Martin Scorsese Addresses Claims That The Irishman Didn't Employ Enough Female Actresses
According to a report from The Hollywood Reporter, Martin Scorsese recently addressed the criticism that many of his films don't properly employ female actresses. The iconic director said at Rome Fest this weekend, "If the story doesn't call for it, it's a waste of everybody's time."
Starring Robert De Niro, Al Pacino, and Joe Pesci, Martin presented The Irishman at the Rome Film Festival on Monday alongside his producer, Emma Tillinger Koskoff. The movie revolves around one of the most famous assassinations of all time, the alleged murder and disappearance of Jimmy Hoffa.
Martin, before the crowd, claimed his latest film was about how life can suddenly "unravel," in addition to the "immediate human experience," which he hopes anyone could relate to. Moreover, the director discussed his widely criticized comments regarding the uncinematic nature of Marvel films.
Previously, during an interview with Empire Magazine, Mr. Scorsese stated that the movies failed to effectively communicate the experience of a human being to another. While at Rome Fest, Martin continued in the same vein, even criticizing some of the major studios for relying on comic book movies so much.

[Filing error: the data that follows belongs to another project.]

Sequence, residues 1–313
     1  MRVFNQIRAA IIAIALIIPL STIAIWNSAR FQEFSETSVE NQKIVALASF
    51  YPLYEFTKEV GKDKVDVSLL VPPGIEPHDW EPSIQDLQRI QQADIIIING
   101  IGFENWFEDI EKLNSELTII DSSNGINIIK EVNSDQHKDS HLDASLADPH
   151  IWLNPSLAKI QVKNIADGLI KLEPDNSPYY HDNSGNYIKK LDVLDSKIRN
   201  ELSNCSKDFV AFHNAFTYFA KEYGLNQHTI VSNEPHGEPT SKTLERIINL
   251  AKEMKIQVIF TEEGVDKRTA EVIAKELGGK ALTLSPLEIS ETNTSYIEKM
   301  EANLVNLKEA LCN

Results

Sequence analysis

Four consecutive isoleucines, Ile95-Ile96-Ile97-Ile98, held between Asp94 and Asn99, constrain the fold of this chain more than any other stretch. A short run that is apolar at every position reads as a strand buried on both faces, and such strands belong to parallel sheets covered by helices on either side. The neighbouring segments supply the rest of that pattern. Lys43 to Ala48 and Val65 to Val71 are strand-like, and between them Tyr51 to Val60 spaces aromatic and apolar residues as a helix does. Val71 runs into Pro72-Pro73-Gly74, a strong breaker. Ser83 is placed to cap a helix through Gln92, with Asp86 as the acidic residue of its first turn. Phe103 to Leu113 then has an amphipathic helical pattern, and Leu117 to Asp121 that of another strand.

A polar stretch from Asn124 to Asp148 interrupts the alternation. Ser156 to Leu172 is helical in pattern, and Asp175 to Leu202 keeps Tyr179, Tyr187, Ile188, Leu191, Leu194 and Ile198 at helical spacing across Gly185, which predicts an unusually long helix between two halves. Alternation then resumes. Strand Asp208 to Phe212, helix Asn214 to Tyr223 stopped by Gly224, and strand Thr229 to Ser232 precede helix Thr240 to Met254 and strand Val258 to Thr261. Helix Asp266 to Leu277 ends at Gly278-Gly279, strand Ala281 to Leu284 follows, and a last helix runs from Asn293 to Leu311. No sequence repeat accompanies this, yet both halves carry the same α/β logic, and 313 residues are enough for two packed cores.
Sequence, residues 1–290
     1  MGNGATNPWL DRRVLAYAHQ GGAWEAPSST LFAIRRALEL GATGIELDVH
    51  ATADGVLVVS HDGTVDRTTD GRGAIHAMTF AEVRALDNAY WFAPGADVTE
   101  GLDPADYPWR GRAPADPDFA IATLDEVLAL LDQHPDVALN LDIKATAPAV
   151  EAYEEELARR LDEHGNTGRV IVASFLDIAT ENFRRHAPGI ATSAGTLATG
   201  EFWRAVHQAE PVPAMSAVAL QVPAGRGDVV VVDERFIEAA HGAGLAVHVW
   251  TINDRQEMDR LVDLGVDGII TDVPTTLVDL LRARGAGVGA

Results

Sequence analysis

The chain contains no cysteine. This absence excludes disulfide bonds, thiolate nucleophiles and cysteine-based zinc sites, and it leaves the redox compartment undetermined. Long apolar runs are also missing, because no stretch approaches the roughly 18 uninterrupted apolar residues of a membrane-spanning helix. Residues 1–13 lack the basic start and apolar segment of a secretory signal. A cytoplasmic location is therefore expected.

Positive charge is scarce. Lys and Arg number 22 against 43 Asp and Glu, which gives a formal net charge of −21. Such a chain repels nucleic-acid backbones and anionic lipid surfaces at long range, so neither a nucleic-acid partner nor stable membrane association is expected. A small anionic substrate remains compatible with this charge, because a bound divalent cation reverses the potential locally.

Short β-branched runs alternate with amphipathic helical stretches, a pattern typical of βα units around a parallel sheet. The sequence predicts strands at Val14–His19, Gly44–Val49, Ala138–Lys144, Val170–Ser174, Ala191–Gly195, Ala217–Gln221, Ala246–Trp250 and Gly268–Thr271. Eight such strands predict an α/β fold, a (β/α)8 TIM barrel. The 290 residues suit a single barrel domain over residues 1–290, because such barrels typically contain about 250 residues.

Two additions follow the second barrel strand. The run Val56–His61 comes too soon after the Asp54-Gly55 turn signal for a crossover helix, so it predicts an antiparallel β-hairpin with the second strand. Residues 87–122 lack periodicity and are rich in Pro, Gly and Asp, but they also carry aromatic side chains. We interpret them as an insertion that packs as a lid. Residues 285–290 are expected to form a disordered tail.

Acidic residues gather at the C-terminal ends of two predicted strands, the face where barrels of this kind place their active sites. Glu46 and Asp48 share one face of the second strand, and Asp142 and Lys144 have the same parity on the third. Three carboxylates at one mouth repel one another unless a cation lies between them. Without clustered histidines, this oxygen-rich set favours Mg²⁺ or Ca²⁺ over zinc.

Martin said he hopes that sometime in the future, studios will continue to support narrative cinema, including from works such as Paul Thomas Anderson, Wes Anderson, as well as Noam Baumbach. Martin went on to also criticize the generation of youth who "fail to understand" the repercussions of historical occurrences.
However, it appears as though Martin may be out of luck because the success of comic book movies ensures they'll continue to be released and supported by major studios. Martin added that it was "sad" because he believes that many people don't even know who Jimmy Hoffa was.
Regarding the social media culture we all find ourselves in, Martin stated that "there seems to be no continuity of history," after saying that the youth are consuming information in much smaller parts, rather than as a whole.
Additionally, and as it was noted above, Martin was questioned about the lack of female characters in his movies, which he addressed by arguing that if his story warranted a female character, he would write them in, but for The Irishman , it simply wasn't necessary.